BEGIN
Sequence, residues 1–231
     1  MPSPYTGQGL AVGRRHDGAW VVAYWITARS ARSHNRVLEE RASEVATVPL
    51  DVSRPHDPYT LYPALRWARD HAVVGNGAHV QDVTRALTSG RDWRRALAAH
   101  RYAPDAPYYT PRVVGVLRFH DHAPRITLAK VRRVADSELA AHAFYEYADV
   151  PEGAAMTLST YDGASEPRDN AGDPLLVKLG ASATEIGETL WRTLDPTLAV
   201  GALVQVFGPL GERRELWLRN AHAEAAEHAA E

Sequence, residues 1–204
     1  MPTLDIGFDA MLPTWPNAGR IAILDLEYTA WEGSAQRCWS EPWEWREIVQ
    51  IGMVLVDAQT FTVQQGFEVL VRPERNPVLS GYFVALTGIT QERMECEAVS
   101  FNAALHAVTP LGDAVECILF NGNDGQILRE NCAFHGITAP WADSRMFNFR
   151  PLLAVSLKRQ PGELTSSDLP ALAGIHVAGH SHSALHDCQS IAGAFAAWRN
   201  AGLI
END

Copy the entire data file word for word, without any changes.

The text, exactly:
Sequence, residues 1–231
     1  MPSPYTGQGL AVGRRHDGAW VVAYWITARS ARSHNRVLEE RASEVATVPL
    51  DVSRPHDPYT LYPALRWARD HAVVGNGAHV QDVTRALTSG RDWRRALAAH
   101  RYAPDAPYYT PRVVGVLRFH DHAPRITLAK VRRVADSELA AHAFYEYADV
   151  PEGAAMTLST YDGASEPRDN AGDPLLVKLG ASATEIGETL WRTLDPTLAV
   201  GALVQVFGPL GERRELWLRN AHAEAAEHAA E

Sequence, residues 1–204
     1  MPTLDIGFDA MLPTWPNAGR IAILDLEYTA WEGSAQRCWS EPWEWREIVQ
    51  IGMVLVDAQT FTVQQGFEVL VRPERNPVLS GYFVALTGIT QERMECEAVS
   101  FNAALHAVTP LGDAVECILF NGNDGQILRE NCAFHGITAP WADSRMFNFR
   151  PLLAVSLKRQ PGELTSSDLP ALAGIHVAGH SHSALHDCQS IAGAFAAWRN
   201  AGLI